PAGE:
This enabled us to leverage OS-native tools as well as the client’s existing development patterns and skills. The provisioner was built with extensibility in mind for future adjustments. This mitigated potential scope creep and made developer training and long-term codebase management significantly easier.
Additionally, we had to consider how the client’s developers and administrators would interact with these systems. They were already monitoring their infrastructure with SignalFX. SignalFX provides a native Windows monitoring package, and so we used it as our first Windows instance role. The role install provided a training example to the Client’s development and operations teams.
Developer and administrative remote access to Linux AMI instances was being provided on a per-environment basis via Linux bastion/jump hosts to minimize potential attack surface. An end-to-end Microsoft-native remote access pattern was considered for windows instances, but set aside due to administrative and cost overhead. The native approach would have resulted in deployment of additional services alongside the instances as opposed to using existing resources. Since the client’s expertise is in Linux, that additional infrastructure would have to be trained for or hired for.
The final decision was to use existing Bastion hosts and the cloud provider’s SSH keypair-based access. This reduced proliferation of shared keys. The process for making the API calls to retrieve the Windows Administrator password was automated using standard SSH multiplexing functions, removing the temptation to copy private keys onto the bastion servers while also removing the need to allow API access outside of the bastioned private network.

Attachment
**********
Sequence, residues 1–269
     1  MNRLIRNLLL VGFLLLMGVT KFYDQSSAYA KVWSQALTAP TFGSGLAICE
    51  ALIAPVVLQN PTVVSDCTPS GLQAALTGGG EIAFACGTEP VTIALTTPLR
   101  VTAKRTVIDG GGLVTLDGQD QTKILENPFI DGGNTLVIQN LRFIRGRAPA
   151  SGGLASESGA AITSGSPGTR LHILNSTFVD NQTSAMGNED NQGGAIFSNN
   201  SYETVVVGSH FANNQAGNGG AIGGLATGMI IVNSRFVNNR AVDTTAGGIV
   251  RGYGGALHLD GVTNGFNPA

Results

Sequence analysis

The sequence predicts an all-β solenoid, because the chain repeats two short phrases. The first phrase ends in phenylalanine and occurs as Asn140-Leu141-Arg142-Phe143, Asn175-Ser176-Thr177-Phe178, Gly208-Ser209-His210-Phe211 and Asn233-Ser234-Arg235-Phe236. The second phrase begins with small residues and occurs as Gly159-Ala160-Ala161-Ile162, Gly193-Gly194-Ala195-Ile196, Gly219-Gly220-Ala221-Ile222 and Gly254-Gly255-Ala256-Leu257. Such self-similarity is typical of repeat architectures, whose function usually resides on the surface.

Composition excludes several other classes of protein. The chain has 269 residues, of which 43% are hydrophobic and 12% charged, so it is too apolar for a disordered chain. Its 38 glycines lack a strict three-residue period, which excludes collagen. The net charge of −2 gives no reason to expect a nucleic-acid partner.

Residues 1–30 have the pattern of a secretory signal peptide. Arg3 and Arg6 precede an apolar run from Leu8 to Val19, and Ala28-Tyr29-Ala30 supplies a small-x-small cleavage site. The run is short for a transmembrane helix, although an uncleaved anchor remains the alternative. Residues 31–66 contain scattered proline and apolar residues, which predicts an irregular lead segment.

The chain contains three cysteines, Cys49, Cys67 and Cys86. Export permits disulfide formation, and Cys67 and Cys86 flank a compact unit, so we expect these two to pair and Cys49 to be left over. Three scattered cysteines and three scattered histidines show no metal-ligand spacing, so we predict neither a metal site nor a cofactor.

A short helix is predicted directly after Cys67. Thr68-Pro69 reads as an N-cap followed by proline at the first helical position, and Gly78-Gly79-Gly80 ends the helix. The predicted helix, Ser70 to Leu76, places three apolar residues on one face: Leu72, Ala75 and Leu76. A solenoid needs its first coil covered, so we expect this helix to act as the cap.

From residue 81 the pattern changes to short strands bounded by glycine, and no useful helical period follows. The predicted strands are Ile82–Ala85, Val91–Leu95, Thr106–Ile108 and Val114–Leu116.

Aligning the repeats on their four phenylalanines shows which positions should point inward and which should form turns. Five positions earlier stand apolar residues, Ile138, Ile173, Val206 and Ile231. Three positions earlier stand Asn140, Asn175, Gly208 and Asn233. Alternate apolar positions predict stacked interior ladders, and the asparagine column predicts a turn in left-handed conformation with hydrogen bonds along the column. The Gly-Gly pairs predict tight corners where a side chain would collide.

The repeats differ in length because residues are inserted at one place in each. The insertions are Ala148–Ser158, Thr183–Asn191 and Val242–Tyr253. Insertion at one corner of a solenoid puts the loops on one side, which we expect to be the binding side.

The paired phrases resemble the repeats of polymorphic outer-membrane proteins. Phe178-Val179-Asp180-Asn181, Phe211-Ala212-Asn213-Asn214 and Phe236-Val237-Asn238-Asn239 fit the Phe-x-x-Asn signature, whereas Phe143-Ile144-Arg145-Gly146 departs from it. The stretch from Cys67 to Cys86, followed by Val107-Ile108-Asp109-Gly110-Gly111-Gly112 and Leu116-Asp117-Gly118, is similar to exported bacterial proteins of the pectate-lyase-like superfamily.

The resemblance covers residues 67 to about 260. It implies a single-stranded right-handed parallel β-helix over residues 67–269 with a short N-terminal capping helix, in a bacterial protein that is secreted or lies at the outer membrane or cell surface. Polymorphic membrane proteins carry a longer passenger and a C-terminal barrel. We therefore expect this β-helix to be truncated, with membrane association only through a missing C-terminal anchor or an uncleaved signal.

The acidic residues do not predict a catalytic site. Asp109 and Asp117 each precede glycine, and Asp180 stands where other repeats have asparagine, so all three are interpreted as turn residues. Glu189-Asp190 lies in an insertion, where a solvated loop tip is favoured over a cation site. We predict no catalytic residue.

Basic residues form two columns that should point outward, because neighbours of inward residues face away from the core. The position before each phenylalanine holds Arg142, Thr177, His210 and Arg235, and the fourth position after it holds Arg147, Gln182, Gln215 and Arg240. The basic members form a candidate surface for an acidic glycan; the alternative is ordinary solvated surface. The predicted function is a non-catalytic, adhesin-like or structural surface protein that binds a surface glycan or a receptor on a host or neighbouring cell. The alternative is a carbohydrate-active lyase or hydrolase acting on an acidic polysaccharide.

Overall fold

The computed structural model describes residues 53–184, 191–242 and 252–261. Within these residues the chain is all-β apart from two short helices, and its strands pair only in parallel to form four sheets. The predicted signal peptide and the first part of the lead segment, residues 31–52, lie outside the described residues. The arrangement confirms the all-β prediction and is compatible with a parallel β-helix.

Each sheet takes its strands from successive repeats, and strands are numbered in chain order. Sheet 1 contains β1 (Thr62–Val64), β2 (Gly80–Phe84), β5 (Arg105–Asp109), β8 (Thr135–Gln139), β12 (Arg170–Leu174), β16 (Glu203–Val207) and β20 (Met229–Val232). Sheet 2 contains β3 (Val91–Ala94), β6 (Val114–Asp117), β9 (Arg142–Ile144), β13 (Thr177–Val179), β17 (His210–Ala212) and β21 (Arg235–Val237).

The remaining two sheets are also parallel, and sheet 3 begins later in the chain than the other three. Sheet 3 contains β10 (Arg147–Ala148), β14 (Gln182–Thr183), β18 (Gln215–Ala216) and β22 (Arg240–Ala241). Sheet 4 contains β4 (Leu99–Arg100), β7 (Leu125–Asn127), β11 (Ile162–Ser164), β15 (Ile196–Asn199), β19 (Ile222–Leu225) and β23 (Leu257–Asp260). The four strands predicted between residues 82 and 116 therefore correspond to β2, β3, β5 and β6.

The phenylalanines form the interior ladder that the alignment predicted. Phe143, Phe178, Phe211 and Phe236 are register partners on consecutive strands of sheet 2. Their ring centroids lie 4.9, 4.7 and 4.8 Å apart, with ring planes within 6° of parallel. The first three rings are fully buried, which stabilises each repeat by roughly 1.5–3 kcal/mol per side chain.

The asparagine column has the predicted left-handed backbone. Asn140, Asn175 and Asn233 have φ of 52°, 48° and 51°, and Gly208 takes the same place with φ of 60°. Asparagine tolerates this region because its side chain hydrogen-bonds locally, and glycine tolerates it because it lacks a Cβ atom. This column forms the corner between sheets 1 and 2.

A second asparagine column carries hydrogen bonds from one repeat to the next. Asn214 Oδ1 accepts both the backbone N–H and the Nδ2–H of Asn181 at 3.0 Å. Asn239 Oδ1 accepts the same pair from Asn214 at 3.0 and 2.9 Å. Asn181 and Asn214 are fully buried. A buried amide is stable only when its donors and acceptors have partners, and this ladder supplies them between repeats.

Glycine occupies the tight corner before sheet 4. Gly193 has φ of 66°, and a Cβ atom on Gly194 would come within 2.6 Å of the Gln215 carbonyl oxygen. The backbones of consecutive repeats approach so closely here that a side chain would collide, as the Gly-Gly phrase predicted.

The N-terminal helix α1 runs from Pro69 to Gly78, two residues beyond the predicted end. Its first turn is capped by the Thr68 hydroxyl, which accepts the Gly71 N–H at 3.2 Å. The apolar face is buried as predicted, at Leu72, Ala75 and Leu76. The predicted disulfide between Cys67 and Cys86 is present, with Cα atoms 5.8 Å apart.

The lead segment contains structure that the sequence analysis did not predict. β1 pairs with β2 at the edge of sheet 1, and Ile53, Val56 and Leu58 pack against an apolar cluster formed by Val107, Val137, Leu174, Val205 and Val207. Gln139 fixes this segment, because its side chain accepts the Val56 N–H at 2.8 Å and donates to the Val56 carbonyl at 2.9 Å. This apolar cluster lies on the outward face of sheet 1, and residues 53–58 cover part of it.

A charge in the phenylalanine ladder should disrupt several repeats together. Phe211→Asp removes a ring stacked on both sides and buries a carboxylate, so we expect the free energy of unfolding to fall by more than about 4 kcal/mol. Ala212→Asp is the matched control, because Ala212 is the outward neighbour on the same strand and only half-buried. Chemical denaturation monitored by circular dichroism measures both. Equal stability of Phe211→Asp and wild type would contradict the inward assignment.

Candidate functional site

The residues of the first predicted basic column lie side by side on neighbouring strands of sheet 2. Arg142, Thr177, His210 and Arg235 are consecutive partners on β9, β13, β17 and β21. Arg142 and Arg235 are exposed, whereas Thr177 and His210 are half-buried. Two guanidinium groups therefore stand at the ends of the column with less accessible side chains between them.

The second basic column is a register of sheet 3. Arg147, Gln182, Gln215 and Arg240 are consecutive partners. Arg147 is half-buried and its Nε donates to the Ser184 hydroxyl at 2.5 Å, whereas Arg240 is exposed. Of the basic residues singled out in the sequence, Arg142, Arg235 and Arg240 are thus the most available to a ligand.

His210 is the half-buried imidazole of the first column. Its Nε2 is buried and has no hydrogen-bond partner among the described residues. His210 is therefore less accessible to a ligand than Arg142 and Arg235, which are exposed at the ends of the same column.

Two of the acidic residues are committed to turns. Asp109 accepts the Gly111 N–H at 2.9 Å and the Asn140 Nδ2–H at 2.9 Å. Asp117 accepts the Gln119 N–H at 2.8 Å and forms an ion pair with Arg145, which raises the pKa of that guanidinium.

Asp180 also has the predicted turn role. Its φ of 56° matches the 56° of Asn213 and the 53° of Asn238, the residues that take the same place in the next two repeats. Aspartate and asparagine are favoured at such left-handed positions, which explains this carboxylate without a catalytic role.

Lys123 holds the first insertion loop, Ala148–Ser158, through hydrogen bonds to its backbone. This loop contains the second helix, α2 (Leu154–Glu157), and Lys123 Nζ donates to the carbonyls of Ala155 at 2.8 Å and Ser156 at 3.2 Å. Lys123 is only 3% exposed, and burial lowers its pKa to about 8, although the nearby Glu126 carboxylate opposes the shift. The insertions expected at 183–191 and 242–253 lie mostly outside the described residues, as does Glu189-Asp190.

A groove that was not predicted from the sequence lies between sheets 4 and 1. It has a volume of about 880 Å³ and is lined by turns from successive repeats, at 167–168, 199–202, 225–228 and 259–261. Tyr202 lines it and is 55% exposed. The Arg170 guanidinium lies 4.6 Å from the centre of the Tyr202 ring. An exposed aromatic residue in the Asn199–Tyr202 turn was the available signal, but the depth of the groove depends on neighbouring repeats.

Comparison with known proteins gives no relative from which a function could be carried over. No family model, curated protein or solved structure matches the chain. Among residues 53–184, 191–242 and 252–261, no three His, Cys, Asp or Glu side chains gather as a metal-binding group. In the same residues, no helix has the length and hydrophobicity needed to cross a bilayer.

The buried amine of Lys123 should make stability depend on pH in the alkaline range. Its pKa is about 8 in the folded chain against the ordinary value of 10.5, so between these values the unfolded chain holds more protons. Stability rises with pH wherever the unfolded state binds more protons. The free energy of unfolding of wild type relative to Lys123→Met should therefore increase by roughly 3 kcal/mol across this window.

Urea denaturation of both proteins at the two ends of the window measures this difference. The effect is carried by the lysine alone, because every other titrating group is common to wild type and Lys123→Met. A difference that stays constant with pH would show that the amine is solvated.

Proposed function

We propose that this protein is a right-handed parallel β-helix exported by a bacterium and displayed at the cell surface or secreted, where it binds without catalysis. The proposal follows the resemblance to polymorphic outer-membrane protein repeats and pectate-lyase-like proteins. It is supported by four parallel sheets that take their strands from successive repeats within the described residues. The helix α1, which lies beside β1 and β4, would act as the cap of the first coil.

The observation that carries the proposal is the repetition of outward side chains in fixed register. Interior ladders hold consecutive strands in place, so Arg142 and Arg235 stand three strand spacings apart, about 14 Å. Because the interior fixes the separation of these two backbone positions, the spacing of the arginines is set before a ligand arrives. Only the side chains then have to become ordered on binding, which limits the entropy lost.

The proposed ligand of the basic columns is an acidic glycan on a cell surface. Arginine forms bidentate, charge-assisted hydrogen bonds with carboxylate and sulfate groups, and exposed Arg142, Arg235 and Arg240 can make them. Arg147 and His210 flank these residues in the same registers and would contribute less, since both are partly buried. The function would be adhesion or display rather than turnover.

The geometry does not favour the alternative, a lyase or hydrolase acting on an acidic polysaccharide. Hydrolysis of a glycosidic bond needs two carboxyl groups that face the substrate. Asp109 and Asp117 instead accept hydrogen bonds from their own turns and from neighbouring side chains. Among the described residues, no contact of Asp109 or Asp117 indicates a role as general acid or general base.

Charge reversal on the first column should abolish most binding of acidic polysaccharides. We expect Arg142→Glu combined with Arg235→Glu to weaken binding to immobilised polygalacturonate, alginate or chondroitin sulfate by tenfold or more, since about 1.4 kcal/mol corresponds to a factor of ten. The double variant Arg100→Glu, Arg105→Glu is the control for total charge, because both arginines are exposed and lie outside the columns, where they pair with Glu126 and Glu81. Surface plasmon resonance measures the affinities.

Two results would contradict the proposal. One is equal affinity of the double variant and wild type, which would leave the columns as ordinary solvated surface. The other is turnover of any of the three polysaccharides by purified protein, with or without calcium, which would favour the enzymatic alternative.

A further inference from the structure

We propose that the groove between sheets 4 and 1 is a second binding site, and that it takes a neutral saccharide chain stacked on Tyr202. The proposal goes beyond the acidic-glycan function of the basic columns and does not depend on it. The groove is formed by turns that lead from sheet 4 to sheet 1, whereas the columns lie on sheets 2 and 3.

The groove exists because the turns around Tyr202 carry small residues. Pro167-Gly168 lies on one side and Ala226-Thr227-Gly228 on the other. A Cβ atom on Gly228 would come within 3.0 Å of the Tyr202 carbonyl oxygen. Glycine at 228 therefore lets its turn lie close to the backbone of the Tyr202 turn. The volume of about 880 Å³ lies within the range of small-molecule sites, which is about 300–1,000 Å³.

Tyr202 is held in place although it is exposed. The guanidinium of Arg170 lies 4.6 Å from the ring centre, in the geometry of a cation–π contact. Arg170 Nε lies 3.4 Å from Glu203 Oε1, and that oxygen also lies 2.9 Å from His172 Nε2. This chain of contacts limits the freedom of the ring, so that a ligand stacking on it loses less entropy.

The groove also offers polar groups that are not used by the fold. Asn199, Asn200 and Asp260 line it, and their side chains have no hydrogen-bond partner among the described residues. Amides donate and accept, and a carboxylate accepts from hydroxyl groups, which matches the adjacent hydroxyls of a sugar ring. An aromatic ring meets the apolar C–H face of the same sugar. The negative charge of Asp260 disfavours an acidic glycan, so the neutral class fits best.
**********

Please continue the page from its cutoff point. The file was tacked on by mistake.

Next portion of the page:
Balance to Build On
Because we were able to implement this solution within the space of a quarter, Windows-based projects were able to start fresh with the tooling already in place. This reduced the risk of “hand tuned” systems since the foundations already existed, automated, in code. The automation in place kept development turnaround time at a minimum from the start.
The custom-built tools were based on the client’s existing development languages and patterns, so development teams were able to quickly begin building new Windows-based roles alongside existing Linux system roles. Both immediate development and future functionality additions were enabled by a thoughtful, extensible design approach.
Custom integration solutions are often a case study in factoring in time and cost constraints, knowing your audience of existing users, and weighing known technologies against greenfield solutions. Probably the biggest factor in good design is good relationships: because we had a strong collaborative relationship with our clients, we understood what would work for them as an elegant compromise between known and unknown technologies.
Chris is a Platform Engineer at Kenzan. A tinkerer-turned-professional, Chris grew up elbow-deep in his IBM 8088, taking a brief detour as a professional musician before finding his way back into tech as a small business Linux sysadmin. He jumped into the DevOps space designing and managing the infrastructure and automation for a VoIP IVR platform before joining Kenzan in 2016.
At Kenzan, we value the flexibility of innovation, the wisdom of experience, and the feedback from collaboration in equal measure, all in pursuit of the right solution for each problem we help to solve. Email firstname.lastname@example.org for more information about our services and solutions.